UF/IFAS Extension Hernando County

Wellington Turf Swap Project in Hernando County

Currently, in the Wellington community at Seven Hills the turfgrass is suffering from a disease called ‘take-all root rot.’  This happens because of a fungus and will damage the roots of the grass, preventing the turf from efficiently retaining water and nutrients from the soil. With this disease, residents are having to replace their turf on an annual basis. 

The Wood Stork

The Wood Stork is a very strange looking bird found in Florida. The head lacks feathers, it has long thin legs, black/white feathers, and pinkish feet! Although unusual looking, I have developed a fondness for this most remarkable species of wading bird. The Wood Stork was on the brink of extinction. In the 1970s there were only 5,000 pairs recorded. Loss of wetland habitats and food base were primary factors in the sudden decline. In the everglades, nesting failure was also a contributor. In 2014, the U.S.

Hernando County Extends a Hand to Farmers with New Round of Stimulus

The COVID-19 pandemic has hit businesses hard around the county, and farmers are no exception. Not only did the closing of restaurants and tourism hotspots decrease the overall demand for food, but the loss of customers began just as Florida’s harvest season was beginning. By the time federal assistance became available and restaurants had begun limited re-openings, the window for Florida growers to sell their crops had closed.

SHARKs! Changing Fear to Fascination

 As the brackish waters from the coastal edge of Hernando County flow ever so smoothly into the salty waters of the Gulf of Mexico, that transitional blend of life turns into an oasis of mysterious creatures. Unfortunately, the fear of what is living in the vast unknown such as sharks gets a bad reputation.

With just one glance of a shark’s sharp teeth, one must assume that these predators are actively searching for their next human meal. Many media sources have embellished this horror, thus furthering the misunderstanding of these fascinating fish.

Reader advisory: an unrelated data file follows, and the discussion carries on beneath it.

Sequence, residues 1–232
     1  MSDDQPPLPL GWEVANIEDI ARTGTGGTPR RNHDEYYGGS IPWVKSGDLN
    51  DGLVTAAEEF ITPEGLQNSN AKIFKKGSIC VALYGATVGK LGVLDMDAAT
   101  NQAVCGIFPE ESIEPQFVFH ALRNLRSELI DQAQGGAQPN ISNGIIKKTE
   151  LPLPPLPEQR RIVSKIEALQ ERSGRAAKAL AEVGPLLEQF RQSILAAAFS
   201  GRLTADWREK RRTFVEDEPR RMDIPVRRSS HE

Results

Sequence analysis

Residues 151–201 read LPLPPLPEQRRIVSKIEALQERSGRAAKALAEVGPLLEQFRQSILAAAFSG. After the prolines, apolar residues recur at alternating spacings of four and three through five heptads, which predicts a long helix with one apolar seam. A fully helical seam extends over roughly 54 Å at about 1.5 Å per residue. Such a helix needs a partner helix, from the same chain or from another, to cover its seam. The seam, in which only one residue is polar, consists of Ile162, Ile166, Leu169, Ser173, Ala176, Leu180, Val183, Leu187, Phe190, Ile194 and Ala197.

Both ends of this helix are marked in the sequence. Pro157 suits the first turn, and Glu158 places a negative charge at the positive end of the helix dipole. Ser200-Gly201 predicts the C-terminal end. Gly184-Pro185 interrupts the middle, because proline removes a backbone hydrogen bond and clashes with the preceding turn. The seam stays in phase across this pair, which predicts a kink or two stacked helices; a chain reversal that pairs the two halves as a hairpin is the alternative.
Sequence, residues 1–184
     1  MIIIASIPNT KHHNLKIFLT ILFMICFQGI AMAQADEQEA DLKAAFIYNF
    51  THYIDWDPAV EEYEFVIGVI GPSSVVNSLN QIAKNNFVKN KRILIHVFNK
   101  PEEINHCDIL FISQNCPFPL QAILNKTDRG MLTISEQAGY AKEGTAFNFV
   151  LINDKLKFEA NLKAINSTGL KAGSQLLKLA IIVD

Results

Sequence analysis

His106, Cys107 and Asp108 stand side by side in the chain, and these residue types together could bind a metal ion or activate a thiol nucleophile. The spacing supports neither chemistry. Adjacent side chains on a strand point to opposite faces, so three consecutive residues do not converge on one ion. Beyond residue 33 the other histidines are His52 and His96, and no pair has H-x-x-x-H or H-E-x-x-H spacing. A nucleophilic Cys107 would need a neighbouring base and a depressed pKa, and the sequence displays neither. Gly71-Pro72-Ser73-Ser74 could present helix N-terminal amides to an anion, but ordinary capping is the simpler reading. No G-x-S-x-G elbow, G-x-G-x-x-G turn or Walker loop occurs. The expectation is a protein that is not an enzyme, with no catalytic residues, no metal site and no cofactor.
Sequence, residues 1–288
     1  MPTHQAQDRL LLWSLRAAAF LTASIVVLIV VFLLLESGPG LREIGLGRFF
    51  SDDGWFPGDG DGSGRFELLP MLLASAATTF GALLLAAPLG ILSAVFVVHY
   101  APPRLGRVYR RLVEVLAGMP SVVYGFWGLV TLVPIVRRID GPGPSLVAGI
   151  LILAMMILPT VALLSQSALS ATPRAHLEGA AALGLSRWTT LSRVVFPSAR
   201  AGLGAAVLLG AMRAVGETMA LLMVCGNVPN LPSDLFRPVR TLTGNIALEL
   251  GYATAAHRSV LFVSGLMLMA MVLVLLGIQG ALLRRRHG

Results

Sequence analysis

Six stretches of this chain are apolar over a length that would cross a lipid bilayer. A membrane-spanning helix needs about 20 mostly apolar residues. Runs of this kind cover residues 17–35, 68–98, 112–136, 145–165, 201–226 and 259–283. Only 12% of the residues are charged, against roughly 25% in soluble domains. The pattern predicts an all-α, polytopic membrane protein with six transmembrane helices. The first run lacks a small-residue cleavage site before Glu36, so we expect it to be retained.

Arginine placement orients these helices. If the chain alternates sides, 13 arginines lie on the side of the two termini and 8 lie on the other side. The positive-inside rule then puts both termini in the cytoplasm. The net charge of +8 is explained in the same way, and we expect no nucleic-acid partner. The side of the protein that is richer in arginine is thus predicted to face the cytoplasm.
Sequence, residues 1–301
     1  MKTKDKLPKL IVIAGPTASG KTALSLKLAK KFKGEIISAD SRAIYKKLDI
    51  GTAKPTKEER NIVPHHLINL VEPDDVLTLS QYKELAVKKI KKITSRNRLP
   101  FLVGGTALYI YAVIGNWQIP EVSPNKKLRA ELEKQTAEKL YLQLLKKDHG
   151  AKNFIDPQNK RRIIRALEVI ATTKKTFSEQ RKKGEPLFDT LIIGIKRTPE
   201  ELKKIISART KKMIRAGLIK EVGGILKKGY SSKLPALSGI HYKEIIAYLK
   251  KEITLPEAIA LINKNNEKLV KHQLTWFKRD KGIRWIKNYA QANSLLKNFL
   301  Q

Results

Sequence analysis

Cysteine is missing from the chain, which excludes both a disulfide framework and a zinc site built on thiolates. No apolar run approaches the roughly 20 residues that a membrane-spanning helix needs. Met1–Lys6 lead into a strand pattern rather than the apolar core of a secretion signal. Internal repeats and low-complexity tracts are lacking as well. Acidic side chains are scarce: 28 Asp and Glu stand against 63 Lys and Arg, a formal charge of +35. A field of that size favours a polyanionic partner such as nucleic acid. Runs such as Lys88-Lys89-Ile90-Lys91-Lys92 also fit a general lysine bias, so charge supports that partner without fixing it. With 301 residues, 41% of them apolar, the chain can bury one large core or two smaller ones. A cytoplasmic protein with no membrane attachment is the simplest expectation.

Florida Master Naturalist Student Volunteers Locally

Acres of smooth cordgrass and black needle rush are a common site along Hernando’s quiet coastline. These saltmarsh wetlands are often partially flooded and drained with saltwater brought in by the tides. Many different species of fish and wildlife seek refuge and hunt for food in these marsh grass areas. Additionally, these grasses help reduce flooding by holding saltwater between their blades and prevent shorelines from eroding.

Bite-Sized Science brings popular Sea Grant training to your home

Every weekday at 4 p.m. EST from April 20 through May 29 (except Memorial Day), Florida Sea Grant will provide live, online classes on coastal topics. These free, 30-minute classes will be conducted by Florida Sea Grant agents or specialists, and in many cases are modified versions of popular in-person trainings that they conduct around the state.

 Each day of the series has a theme.

Why an emergency fund is so important

By Scott E. Taylor
Family and Consumer Science Agent, UF/IFAS Extension Hernando County
What will happen to your family if you:
Lose your job?
Get sick?
Have an emergency?

Most of us are very good at planning for our future, but we often don’t think about the “what if’s?”  We prepare for the future we think of, but then there is the future that happens.

We all need to make sure we save for the future we want, as well as preparing for those unexpected things that are going to happen.  

Self-care for Everyone Doing School At Home

Brooksville, FL:  We may not like it, and it is not much fun, but we are all experiencing a new and not-so-exciting way of living right now. There are ways to decrease the anxiety and stress that can cause families to break down in times like this.  It is important to remember, we all need physical distancing, but socially, we need each other more than ever. We are not stuck at home; we are safe at home.

The Manatees of Hernando County

Florida’s winter season begins in November, and when the water temperatures change, manatees instinctively travel closer, hugging the coastlines of Florida’s warmer waters. In Hernando County, some manatees migrate to areas along the Weeki Wachee River. The inlets like Mud River and Jenkins Creek the water temperature is steady at 72–74 °F, a perfect place for a manatee’s winter retreat.